The Emperor desired her to paint the portrait of the Empress, whom she represented standing in full court dress, with a crown of diamonds. Lisette used to declare that she was like a woman out of the Gospel, and that she was the only woman she knew whom no calumny ever attacked. One day she brought her two youngest sons to the sitting, the Grand Dukes Nicolas and Michael, then children. Of the Grand Duke Nicolas, afterwards Emperor, Mme. Le Brun declared that she had never seen a more beautiful child, and that she could paint from memory his face, which had all the characteristic beauty of Greece.
“Vous ne partisez pas, citoyenne, vous ne partisez pas.”Again one remembers the words of Napoleon to the grandson of Necker, who said that his grandfather defended the King—Of the Dauphine, Marie-Josèphe de Saxe, as well as of his father, their son the Comte de Provence, afterwards Louis XVIII., writes in his Memoirs as follows: “His pure soul could not rest on this earth, his crown was not of this world, and he died young. France had to mourn the premature death of a prince, who, if he had lived might perhaps have saved the kingdom from the catastrophe of a blood-stained revolution, and his family from exile and the scaffold.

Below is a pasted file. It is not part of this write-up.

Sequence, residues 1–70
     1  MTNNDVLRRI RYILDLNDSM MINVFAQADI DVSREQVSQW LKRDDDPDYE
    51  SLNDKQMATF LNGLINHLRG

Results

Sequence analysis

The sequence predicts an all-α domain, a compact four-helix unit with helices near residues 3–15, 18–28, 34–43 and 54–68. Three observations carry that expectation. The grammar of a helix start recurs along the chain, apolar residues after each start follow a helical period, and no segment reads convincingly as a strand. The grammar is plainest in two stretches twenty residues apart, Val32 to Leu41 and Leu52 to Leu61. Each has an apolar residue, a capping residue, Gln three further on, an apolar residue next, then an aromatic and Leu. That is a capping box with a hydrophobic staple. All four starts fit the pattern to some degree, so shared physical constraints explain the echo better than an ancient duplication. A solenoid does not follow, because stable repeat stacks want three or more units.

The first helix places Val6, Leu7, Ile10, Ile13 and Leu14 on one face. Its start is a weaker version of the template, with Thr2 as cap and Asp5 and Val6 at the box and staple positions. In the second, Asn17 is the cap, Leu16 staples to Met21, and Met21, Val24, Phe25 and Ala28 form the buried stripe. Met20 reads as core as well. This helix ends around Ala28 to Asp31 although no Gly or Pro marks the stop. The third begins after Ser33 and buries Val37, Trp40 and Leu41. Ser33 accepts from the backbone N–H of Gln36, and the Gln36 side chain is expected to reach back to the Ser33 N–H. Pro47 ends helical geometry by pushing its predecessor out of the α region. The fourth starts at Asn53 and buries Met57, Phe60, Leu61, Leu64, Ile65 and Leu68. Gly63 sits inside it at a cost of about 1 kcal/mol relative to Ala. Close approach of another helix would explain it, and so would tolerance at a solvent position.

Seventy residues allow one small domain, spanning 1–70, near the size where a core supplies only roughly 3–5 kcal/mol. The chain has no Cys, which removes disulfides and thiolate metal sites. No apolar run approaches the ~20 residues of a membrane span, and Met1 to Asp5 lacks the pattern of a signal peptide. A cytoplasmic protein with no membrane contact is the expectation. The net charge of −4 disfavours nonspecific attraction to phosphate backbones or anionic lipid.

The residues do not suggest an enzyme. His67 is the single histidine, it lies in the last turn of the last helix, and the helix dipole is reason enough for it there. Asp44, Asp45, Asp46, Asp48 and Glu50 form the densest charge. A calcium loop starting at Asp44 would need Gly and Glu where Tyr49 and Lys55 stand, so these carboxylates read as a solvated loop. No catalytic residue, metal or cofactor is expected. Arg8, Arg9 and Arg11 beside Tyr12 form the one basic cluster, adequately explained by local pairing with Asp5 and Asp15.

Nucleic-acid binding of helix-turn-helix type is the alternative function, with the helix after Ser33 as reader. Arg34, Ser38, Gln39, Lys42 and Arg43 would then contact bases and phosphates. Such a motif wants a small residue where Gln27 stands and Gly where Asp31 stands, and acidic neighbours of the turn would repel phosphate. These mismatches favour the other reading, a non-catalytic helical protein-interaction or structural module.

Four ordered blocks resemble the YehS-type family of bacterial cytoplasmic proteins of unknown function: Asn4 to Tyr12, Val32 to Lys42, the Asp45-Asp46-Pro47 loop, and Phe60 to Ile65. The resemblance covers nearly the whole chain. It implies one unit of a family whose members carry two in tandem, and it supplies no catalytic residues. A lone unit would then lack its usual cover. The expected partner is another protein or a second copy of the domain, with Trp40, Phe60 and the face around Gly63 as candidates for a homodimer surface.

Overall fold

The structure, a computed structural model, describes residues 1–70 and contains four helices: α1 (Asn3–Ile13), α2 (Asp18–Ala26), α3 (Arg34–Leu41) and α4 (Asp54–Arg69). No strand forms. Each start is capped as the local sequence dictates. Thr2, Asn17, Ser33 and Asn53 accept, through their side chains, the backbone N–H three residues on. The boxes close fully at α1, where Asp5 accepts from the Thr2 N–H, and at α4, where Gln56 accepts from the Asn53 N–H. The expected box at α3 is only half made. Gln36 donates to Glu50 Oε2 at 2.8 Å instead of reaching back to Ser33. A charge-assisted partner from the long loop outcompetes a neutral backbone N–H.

“Adieu, citoyenne,” said Tallien, resuming his official manner. “My aide-de-camp will go at once to the revolutionary tribunal, while I myself explain to the Comité the error of which you are the victim.”
“That is a curious dress of yours, Monsieur,” he replied, looking round the ball room:Joseph Vernet had a little son of whose talent for drawing he was very proud; and one day at a party where his friends joked him on his infatuation, he sent for the child, gave him a pencil and paper, and told him to draw.
Aix-la-Chapelle was crowded with emigrés, among whom she found many friends and relations. They met chiefly in the salon of her cousin, the Comtesse d’Escars; every one had relations with the army of Condé, in prison, in deadly peril, or even already murdered. The society was chiefly composed of old men, priests and women, whose lives were a perpetual struggle with poverty hitherto unknown to them.
She was a strange character, full of artificial sentiment, affectation, and self-deception, and, unlike the first three heroines of this book, the mystery and doubts which hung over her have never been cleared up.“As an Abbess of Montivilliers is not rigorously cloistered, my aunt, who was perfectly charitable and courageous, thought herself obliged to go out to the first court, and did so, at any rate with a cortège suitable to her dignity.
They began by attending the sale of a magnificent collection of pictures at Brussels, and were received with great kindness and attention by the Princesse d’Aremberg, Prince de Ligne, and many of the most distinguished persons in society.详情
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